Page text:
Orgasm gap impacts how much women want one, study finds

Credit: Pixabay/CC0 Public Domain

A Rutgers-led study finds that when men and women have more frequent orgasms in their relationship, they want and expect more orgasms. The opposite happens when a person climaxes less often.

The study, published in the journal Sex Roles, examines the gap, a well-established phenomenon in which men climax substantially more often than during heterosexual sex.

Since women tend to have fewer orgasms than men overall, the findings explain why women put less emphasis on the importance of orgasm for their sexual satisfaction compared to men. The results suggest this cycle of inequality likely repeats rather than improves within a when women who orgasm less often reduce the importance they place on this kind of sexual pleasure.

The researchers surveyed 104 sexually active couples about how much they orgasm, the ideal amount they'd like to and how often they expect people should, and found a gap in these relationships, with men climaxing more often than their female partners.

"Our expectations are shaped by our experiences, so when women orgasm less, they will desire and expect to orgasm less," said Grace Wetzel, a Rutgers doctoral student who advocates for orgasm equity to her 10,000 followers on . "If women do lower their expectations in this way, the more orgasm inequality may perpetuate in relationships."

Wetzel says a person's expectations and desire for an outcome influences their future behavior, shaping how motivated they are to pursue that outcome—in this case—ultimate sexual pleasure.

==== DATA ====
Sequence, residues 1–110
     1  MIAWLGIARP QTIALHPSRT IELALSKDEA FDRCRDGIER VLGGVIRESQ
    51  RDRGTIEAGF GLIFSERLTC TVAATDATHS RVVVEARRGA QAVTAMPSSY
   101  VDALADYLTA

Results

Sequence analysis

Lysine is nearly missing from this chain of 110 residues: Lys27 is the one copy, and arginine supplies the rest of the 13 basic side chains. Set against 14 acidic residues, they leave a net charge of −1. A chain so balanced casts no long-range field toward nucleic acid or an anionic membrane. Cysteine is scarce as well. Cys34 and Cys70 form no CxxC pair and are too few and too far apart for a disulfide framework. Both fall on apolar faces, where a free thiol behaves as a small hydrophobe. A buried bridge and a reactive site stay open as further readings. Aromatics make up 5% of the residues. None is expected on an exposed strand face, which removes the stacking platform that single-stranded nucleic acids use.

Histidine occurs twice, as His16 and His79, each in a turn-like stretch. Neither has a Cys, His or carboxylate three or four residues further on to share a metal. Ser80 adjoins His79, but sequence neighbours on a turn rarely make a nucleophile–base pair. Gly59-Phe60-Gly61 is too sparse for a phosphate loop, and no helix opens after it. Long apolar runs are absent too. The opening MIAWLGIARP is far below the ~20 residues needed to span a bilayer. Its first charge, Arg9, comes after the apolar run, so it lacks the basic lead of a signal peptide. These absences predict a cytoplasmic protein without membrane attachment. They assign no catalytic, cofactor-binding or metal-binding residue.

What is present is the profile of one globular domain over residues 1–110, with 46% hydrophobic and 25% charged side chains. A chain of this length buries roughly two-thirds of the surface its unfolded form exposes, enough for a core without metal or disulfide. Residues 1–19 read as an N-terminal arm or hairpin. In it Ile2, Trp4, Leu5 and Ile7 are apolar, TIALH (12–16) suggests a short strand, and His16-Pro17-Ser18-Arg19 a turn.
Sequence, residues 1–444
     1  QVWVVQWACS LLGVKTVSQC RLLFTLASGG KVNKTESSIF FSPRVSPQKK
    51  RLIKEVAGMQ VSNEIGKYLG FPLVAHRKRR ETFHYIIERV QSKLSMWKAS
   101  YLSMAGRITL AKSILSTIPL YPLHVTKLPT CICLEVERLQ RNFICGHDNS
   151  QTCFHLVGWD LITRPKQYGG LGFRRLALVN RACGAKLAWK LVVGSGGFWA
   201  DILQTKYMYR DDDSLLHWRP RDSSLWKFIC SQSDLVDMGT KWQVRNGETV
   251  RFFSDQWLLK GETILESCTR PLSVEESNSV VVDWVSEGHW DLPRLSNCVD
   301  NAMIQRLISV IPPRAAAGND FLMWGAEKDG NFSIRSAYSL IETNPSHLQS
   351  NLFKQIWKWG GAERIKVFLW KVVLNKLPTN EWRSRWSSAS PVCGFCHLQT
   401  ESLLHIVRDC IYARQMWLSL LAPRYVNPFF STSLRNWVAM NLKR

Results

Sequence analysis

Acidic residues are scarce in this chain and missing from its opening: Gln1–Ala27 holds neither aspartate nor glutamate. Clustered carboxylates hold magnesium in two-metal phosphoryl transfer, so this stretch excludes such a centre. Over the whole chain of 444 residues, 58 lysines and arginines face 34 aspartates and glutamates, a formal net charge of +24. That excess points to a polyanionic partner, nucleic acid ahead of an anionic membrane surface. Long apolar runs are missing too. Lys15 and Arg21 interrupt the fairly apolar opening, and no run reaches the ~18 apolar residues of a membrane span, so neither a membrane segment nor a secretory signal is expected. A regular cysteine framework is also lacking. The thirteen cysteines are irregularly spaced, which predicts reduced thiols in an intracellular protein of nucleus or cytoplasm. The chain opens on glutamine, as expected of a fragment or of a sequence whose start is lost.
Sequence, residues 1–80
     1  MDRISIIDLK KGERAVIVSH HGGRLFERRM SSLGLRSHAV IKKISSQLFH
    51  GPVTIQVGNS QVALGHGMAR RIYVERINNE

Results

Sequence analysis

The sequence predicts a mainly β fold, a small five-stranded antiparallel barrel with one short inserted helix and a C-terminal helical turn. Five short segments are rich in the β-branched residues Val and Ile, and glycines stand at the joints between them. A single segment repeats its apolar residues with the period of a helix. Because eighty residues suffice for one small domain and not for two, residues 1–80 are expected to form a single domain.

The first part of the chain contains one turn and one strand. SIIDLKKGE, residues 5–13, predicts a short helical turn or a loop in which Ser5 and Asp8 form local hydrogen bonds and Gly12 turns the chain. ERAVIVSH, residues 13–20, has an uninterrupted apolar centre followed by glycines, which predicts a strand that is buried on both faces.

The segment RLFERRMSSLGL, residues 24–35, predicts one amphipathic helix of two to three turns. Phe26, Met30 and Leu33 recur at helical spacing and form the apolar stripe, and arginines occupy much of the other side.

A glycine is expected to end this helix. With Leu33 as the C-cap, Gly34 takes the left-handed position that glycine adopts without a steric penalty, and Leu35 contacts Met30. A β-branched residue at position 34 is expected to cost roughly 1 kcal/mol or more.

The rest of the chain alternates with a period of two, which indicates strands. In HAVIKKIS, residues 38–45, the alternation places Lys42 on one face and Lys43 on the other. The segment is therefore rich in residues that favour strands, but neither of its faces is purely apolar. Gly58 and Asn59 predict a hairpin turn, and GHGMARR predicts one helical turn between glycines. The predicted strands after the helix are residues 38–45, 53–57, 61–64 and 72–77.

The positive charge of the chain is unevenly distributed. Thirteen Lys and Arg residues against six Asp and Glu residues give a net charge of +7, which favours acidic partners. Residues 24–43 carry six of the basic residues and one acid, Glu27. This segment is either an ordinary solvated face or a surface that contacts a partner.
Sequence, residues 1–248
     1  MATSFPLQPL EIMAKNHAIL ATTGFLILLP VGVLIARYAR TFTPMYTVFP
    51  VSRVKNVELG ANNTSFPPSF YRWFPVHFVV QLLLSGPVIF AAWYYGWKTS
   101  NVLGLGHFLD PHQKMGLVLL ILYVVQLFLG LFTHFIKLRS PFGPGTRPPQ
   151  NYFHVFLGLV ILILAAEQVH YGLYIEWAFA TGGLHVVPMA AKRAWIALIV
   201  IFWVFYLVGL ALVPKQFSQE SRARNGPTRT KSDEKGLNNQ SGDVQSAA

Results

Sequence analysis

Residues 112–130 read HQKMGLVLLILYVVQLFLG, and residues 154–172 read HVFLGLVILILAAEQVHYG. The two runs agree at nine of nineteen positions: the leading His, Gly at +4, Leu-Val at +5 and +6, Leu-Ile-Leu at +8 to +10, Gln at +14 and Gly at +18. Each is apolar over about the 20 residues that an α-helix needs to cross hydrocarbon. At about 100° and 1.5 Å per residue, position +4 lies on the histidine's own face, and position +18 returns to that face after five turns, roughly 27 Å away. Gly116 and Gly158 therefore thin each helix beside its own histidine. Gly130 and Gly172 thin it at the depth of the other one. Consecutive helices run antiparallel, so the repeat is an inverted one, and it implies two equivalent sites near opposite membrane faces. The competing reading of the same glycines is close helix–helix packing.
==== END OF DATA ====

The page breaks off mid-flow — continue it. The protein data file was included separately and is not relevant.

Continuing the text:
"The orgasm gap has implications for women's pleasure, empowerment, and general well-being," said Wetzel, who speaks often on the realities of the sexual-pleasure disparity. "Importantly, this is a gender equality issue. Women are learning to expect and be satisfied with less in their sexual interactions with men."

The researchers stressed the importance of increasing women's expectations for and entitlement to orgasm during sex with men in the hope of breaking this cycle for women who wish to have more orgasms in their sexual relationships.

The study was co-authored by Rachel A. Cultice, a Rutgers doctoral student in the Department of Psychology, and Diana Sanchez, a professor of psychology and director of Rutgers' Close Relationships, Identity and Stigma (CRIS) lab.

More information: G. M. Wetzel et al, Orgasm Frequency Predicts Desire and Expectation for Orgasm: Assessing the Orgasm Gap within Mixed-Sex Couples, Sex Roles (2022). DOI: 10.1007/s11199-022-01280-7

Journal information: Sex Roles
Provided by Rutgers University
Citation: Orgasm gap impacts how much women want one, study finds (2022, April 6) retrieved 22 February 2024 from
This document is subject to copyright. Apart from any fair dealing for the purpose of private study or research, no part may be reproduced without the written permission. The content is provided for information purposes only.

Explore further

First sexual experience influences women's future sexual desire: study


Feedback to editors